Scotty’s right wing coal warriors such as Matt Canavan may be appeased – for five minutes – Nats with interests or mates with interests in the gas industry may tolerate the sociopath and bully in him a little better, while his embrace of gas will appease key Liberal Party donors. Above all, Morrison will shrewdly have done the bidding of his cabal of mining industry executives under the guise of a coronavirus recovery plan while setting up Angus Taylor to take the blame when the inevitable repercussions are felt.

Best of all he will wedge Labor over their policy on gas.

Where it will all go pear-shaped is when gas becomes even less affordable and fails to provide jobs, let alone fulfil his rash and glib promise of bringing back a manufacturing sector – now around ten per cent of the economy – that neoliberal ideology is helping to banish forever. Emissions will continue to climb. The need for “new technology” he preaches will be exposed as a sound-bite sham. There are no new technologies that need to be developed to be decarbonised. There are, however, sports rorts yet to be accounted for.

Worse, Morrison may be exposed as a bare-faced liar as CCS is seen to be a coal industry fiction and an expensive indulgence of powerful party mates as the economy further contracts in 2021 with his ill-advised and inhumane cutting back on pensions for those out of work and those unable to work given their disabilities. The Panda factor can only exacerbate a downturn in our trade in a Coronavirus recession world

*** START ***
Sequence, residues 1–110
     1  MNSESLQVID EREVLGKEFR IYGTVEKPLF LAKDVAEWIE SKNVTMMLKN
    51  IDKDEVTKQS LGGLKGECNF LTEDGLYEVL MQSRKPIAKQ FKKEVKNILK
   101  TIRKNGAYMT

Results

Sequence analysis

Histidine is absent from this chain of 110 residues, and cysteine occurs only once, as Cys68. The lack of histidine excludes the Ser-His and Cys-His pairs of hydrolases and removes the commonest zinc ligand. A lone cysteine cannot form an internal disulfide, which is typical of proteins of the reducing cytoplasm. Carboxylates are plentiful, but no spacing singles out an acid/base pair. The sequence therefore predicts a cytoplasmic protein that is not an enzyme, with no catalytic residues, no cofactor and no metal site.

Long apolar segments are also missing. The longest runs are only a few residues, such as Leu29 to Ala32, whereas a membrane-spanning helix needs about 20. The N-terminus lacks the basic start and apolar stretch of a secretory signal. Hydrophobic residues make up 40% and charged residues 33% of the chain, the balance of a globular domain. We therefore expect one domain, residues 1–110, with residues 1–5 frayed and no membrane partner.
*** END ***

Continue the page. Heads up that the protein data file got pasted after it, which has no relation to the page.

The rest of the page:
Trade with China is suffering because of Morrison’s witless desire not only to align with Trump’s trade war with Beijing but to enlist as an active belligerent. China will do us slowly write Crikey’s Michael Sainsbury. Unemployment and underemployment will soar in the New Year. Morrison has already alienated thousands of university teachers. His promised IR reforms threaten to make a bad system worse. As Dennis Atkins warns,

The all too apparent human toll of this insecurity is not enough to deter the Morrison Government from its determination to further deregulate the labour market.

The “energy roadmap” in all its intellectual and moral poverty is studded with disinformation. Despite what he claims, for example, renewables can’t “stand on their own two feet”. The Prime Minister’s gaslighting merely underlines his abdication of responsibility; his failure to provide real leadership when it was most needed.

Morrison may already have neutralised rivals, Dutton and Taylor but he will rapidly lose the confidence of MPs in marginal seats and despite his daggy dad routines; his carefully orchestrated relentless curry and cubby home-loving hubby PR campaign, voters are not mugs. They know when they’re being taken for a ride.

It may take a while given our Murdoch orchestrated cheer squad that is the mainstream media but truth will out. Especially when you can’t get work or the hours you need to put food on the table and pay the rapidly rising power bills the Prime Minister falsely promised his gas-led recovery would reduce.

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Just who are the losers and suckers, Mr Trump?